In Switzerland, “smartwatch” is no longer a dirty word.
The wearable computers have been gaining respect this week at Baselworld, the annual showcase for the Swiss watch industry, only a year after they were ‘machina non grata.’
The sea change means connected timepieces, at least at the high end, will now be more about design, craftsmanship and luxury, instead of just functionality.
Swiss executives still express caution over smartwatches, especially due to the bother of having to recharge them daily, and because of their brief shelf life—part of the disposable nature of consumer electronics.
“They have the name of smartwatches, and OK they’re smart, but all the Swiss watches are smart,” sniffed Swatch’s Francois Thiébaud, president of the Baselworld Swiss Exhibitors Committee, at an opening press conference. He went on to relate how he recently bought a Sony smartwatch only to discover it wouldn’t work properly because he doesn’t have an Android smartphone.
His comments reflect the old guard of Swiss watchmaking, but it’s an attitude that’s rapidly changing.
“We want to build long-lasting products, but with the advantage of connected features as well,” Ronnie Bernheim of manufacturer Mondaine Watch said.
Mondaine’s Helvetica 1 smartwatch has a simple, round, white face just like those of its analog predecessors that are based on a Swiss railway clock design. But it also has activity and sleep trackers set in a sub-dial at the 6 o’clock position. It’s due out in the fall, but pricing has yet to be announced.
Calling it a “connected chronograph,” Swiss manufacturer Breitling showed off its B55 Connected, a timepiece for aviators that can link to an iPhone app via Bluetooth. The app can adjust alarms, time zones and other settings while receiving flight chronograph data from the watch. Breitling hasn’t given a price yet, but since it’s aimed at people who fly planes it probably won’t be cheap.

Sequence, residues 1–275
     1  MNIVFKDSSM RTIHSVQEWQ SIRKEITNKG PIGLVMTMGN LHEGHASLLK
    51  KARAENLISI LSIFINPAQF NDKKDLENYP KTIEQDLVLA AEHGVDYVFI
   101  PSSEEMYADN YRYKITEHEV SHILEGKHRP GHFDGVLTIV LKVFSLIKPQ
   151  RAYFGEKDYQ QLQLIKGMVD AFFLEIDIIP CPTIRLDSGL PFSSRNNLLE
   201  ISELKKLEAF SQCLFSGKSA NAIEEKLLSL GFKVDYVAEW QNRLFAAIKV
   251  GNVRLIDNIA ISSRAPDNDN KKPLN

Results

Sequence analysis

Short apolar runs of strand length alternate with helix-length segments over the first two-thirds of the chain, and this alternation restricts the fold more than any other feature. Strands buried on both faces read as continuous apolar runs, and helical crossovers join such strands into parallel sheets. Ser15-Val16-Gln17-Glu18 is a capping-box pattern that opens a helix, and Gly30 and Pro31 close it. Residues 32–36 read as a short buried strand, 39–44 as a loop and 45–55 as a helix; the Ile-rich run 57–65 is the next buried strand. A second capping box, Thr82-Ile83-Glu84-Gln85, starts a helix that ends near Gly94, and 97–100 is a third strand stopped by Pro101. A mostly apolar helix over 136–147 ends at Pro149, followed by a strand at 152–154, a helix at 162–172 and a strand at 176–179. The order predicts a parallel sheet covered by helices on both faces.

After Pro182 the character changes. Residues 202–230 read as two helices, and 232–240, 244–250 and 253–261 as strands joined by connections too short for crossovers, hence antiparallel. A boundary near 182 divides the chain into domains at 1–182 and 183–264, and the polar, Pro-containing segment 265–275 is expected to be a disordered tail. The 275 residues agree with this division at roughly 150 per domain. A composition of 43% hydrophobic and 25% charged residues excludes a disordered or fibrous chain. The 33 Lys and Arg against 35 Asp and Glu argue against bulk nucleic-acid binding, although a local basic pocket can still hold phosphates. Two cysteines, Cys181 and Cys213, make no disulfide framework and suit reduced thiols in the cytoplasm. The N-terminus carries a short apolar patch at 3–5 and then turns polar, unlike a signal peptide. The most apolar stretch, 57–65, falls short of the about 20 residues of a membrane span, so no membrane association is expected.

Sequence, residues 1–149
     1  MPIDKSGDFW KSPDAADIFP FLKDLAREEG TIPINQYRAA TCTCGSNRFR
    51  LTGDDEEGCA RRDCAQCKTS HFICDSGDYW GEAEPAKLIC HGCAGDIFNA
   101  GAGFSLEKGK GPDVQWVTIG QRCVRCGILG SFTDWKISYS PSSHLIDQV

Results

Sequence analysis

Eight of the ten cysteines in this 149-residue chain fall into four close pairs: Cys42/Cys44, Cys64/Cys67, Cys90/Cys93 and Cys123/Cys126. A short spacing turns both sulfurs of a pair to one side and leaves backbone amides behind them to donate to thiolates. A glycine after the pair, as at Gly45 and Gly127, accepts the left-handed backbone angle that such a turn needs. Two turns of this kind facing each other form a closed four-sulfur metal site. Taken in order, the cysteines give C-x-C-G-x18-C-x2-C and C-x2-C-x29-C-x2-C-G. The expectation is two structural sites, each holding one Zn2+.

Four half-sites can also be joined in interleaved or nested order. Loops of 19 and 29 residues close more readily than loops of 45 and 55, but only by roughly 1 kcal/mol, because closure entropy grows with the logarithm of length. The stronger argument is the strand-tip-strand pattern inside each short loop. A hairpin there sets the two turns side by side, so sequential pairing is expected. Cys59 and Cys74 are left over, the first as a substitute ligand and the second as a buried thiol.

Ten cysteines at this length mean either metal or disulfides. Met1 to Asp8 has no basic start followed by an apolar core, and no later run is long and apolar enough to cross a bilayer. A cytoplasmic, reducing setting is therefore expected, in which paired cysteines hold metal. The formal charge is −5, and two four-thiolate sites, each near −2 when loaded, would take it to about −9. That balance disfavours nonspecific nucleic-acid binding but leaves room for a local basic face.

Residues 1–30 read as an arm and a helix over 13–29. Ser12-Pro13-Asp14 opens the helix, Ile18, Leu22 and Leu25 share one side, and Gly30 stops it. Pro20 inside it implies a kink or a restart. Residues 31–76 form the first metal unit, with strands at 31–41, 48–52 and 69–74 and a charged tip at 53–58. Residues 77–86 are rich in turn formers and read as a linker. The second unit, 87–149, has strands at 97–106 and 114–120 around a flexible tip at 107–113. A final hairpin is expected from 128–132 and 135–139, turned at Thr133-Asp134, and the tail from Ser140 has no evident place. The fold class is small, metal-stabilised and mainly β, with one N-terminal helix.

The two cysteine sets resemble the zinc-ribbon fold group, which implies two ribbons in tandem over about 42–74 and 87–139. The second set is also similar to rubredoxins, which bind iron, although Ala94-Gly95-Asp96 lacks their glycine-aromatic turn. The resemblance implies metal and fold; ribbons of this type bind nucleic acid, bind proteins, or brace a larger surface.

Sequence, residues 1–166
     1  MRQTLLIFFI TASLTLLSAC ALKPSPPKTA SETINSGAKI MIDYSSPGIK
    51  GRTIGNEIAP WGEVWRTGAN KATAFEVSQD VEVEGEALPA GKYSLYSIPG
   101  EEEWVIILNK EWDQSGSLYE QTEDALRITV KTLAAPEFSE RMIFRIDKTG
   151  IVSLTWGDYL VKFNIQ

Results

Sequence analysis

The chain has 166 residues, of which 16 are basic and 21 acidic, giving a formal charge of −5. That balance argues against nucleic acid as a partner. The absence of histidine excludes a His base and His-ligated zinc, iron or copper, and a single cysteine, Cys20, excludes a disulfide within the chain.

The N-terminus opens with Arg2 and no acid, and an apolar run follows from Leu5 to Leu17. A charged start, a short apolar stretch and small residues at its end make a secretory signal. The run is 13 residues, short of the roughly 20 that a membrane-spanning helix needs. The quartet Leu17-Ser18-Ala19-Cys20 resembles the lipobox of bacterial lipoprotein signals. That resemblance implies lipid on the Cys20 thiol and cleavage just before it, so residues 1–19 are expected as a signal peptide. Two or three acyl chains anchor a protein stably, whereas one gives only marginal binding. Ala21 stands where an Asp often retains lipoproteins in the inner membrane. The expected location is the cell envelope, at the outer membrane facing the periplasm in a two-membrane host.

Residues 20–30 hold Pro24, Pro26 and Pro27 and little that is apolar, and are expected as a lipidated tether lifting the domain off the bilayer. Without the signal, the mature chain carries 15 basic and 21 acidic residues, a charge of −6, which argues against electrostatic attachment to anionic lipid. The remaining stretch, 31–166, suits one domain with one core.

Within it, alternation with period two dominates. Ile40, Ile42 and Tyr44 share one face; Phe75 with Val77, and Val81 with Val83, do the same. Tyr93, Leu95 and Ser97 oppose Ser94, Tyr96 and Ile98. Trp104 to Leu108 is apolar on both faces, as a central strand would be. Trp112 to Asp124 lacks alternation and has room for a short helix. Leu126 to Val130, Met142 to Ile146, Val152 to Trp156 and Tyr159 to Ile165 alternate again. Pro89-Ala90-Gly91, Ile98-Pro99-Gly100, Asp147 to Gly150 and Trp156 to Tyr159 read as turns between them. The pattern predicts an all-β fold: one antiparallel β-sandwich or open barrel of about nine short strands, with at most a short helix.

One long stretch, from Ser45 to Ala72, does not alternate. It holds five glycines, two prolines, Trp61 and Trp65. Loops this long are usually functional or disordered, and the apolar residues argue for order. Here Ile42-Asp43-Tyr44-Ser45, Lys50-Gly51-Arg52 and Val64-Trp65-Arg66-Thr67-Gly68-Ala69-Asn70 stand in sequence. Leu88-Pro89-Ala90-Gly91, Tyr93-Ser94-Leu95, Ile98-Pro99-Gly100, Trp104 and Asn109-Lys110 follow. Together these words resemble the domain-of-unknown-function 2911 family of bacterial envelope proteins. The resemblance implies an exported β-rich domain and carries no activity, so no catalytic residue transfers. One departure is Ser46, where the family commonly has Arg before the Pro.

Meanwhile, hybrid offerings known as Horological Smartwatches, from the Swiss makers Frederique Constant and Alpina, combine classic analog faces and hands with an activity and sleep tracker platform called MotionX, which can synchronize with Android and iOS smartphones. The Frederique Constant will start shipping in June, priced from 950 euros (US$1,019), but pricing and availability for the Alpina have yet to be revealed.
Paving the way for Swiss watchmakers is the Apple Watch, which ships in April and will retail from $350 to $17,000 for its most ostentatious incarnation.
“The key reason for the changed mindset was the market entry of Apple: clearly, this company is taken seriously from a marketing/branding perspective, and everybody knows that Apple can revolutionize markets,” Pascal Koenig, an analyst with Zurich-based Smartwatch Group, said via email.
“With pricing that reaches well into the premium segment, executives from the traditional watch industry realize that smartwatch technologies do not only impact the low-cost watch segment.”
Non-Swiss manufacturers are also joining the parade. Italy’s Bulgari presented at Baselworld its Swiss-made Diagono Magnesium concept watch. It’s an elegant, mechanical timepiece that also has an NFC (near field communication) chip which can be used to unlock doors, start car engines and make payments. It can be paired with a smartphone and linked to credit card information and passwords.
Also introduced at Baselworld were sleek smartwatches from Vector, a London-based maker. The Luna ($349) and Meridian ($199) have classic analog stylings along with activity and sleep tracking, smartphone links for social media notifications, waterproofing to depths up to 50m and, best of all, a 30-day battery, achieved through the use of monochrome LCD screens and a its own smartwatch OS.
Koenig believes smartwatches will profoundly change the entire watch industry, instead of being a complementary market as some Swiss officials have seen it. One thing is likely—the success or failure of the Apple Watch will be a huge factor in the extent to which traditional watches continue to get smart.